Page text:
In 1971, they opened their first hotel in the region called the Punta Cana Club. The hotel included 10 two room suites with a maximum capacity of 40 people. This original property was tasteful and offered a few fortunate people good amenities and a very private getaway but it was not a full scale resort like we see today at this same location and all along the Punta Cana coast.

To support the first hotel and plans for more in the future, Grupo PUNTACANA had to build up the basic infrastructure of the region as there was none to speak of at the time. They built a small air strip for small planes, a power plant for electricity, basic roads, clean running water, a solid waste treatment, housing for employees, a school, and a medical clinic. They also had to develop their own private security as there was no law enforcement in the region. In fact, all of the infrastructure in the area was privately funded with little help from the Dominican government. This is another reason this region is so unique.

Then in 1978, two important events took place. First, a road from Punta Cana was connected with the road system in the rest of the Dominican Republic. Thus, it was possible to drive all the way from the Santo Domingo Airport, an airport in the capital of the Dominican Republic capable of landing jet planes, to Punta Cana. This was one of the most critical steps in the development of Punta Cana. Second, Club Med of Paris started building a 350 room resort.

Between 1978 and 1984, both travelers and investors were beginning to take serious notice of the Punta Cana region. However, the ride from the Santo Domingo Airport took about 4 hours. It also wasn't the most pleasant of drives as it was slow going, very narrow, and full of pot holes. The only other way into Punta Cana at the time though was to charter a small plane which could cost a small fortune.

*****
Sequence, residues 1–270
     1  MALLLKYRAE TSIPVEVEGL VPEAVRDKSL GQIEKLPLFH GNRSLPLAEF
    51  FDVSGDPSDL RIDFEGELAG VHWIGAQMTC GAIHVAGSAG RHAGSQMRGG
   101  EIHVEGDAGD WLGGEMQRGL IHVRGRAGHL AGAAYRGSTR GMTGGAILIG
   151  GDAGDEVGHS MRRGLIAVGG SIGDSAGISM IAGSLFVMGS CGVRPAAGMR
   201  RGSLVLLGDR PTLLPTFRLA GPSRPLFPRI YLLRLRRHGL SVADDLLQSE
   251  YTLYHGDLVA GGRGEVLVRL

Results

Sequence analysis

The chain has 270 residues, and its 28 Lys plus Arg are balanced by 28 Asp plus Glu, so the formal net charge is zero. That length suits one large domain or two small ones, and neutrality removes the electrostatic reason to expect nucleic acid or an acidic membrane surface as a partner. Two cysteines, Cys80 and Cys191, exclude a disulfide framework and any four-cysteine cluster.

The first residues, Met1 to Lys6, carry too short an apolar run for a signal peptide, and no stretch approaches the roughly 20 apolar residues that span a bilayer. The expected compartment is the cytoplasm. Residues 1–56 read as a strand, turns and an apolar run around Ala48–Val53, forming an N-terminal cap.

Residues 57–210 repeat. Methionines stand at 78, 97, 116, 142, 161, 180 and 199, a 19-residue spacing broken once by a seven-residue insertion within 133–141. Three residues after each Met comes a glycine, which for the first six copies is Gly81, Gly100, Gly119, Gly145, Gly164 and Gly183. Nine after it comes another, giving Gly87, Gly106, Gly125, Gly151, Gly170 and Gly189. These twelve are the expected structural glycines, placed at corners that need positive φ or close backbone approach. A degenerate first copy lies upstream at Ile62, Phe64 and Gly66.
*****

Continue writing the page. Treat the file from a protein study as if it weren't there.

Then in 1984, the most critical event in the making of the Punta Cana we see today took place. The Punta Cana International Airport, capable landing large jet planes, was opened by the Grupo PUNTACANA. The international airport had been a long time in coming as they had been in negotiation with the Dominican Republic government and it was also a massive undertaking as it was entirely privately funded. Given the size of the project, they funded it on a shoe string budget but somehow pulled it off with style. This airport is now considered a real feather in their cap and a tremendous boon to the Dominican Republic economy. The Punta Cana Airport is located on the same property as their original hotel near the south end of the Punta Cana coast.